United States

United States

Graveyards of the windy West

What is happening to the hundreds of wind turbines being uprooted in California? Is there a market for second hand wind plant? Do old turbines just die or are they being passed on to eager buyers of second hand power generating equipment? To get the right answer you need to ask a different question.

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Old and in the way, hundreds of vintage wind turbines from the early and mid Eighties are being pulled down in California to make way for modern, more productive wind technology. Many more will hit the junk pile when the ongoing legal battle over repowering the Altamont Pass is settled. The rapid march of technological progress in the wind industry has made the sprawling old wind farms in Tehachapi, San Gorgonio and the Altamont Pass more valuable for their windy real estate than for the relatively small amounts of power they can produce. So where does an old wind turbine go to die?

Not all of these historical turbines are worn out, but very few are finding a home elsewhere. Most are being stripped for parts, in an effort to keep the rest of the fleet running. Many are simply being scrapped, with steel and aluminium parts sold to junk dealers for recycling. These days only a few are being resold for continued operation.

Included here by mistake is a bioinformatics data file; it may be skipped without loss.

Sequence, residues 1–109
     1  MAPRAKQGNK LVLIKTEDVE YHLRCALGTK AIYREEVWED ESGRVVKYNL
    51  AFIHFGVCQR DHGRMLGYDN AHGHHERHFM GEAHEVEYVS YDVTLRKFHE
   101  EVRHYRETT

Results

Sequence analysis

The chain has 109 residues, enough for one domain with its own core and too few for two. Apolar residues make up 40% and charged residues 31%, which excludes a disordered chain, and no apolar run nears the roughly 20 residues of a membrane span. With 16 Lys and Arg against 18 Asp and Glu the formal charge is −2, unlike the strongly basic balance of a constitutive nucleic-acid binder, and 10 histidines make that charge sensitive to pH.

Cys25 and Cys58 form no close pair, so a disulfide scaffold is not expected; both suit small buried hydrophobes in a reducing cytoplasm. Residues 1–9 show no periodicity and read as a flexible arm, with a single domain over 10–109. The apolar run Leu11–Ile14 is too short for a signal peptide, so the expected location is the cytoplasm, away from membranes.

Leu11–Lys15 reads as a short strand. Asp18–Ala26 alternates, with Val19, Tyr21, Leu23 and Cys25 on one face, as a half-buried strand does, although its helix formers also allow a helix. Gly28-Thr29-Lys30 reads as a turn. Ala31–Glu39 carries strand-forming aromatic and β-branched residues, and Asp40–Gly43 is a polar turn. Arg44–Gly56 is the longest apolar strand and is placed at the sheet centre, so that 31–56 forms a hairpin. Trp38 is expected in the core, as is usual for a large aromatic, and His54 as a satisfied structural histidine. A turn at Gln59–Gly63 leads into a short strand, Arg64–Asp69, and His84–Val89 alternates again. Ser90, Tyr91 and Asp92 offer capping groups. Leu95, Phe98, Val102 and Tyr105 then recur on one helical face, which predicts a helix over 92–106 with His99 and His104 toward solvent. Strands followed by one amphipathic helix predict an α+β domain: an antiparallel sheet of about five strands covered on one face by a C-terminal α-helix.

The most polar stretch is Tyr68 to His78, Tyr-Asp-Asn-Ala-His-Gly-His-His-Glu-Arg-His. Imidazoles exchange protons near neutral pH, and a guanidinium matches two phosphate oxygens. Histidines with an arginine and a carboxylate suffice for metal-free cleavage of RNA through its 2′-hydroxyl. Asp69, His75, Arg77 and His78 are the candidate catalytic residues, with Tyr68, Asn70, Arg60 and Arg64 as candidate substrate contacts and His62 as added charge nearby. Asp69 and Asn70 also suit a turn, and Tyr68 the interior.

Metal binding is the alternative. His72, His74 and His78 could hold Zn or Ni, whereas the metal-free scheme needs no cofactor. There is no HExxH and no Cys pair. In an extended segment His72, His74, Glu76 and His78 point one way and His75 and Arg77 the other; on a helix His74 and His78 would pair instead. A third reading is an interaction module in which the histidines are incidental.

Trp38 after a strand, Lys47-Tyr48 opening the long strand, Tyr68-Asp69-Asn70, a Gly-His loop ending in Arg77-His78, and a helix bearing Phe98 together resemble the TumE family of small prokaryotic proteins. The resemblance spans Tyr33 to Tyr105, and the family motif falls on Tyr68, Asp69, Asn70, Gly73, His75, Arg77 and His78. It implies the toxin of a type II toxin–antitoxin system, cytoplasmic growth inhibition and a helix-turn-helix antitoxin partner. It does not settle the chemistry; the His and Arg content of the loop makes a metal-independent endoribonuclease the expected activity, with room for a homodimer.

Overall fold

Larry Barr of EnXco, the recently renamed Foras, which owns or maintains over 5000 turbines in California, hopes that will change. He sees a future for a business based on the resale of old turbines. "We would be interested in seeing that market open up," he says. "As it is now we can't find one." The only market for used turbines that at one time showed signs of potential was in India, when a number of old California turbines found their way there in 1996. But the Indian government put a stop to what it regarded as a heinous attempt by the West to dump outdated technology on it. The government of Madhya Pradesh disallowed the use of second hand machines in the state in order to preserve "the orderly and healthy growth of this emerging power generating technology." The state also banned turbines in the 55 kW to 250 kW size range.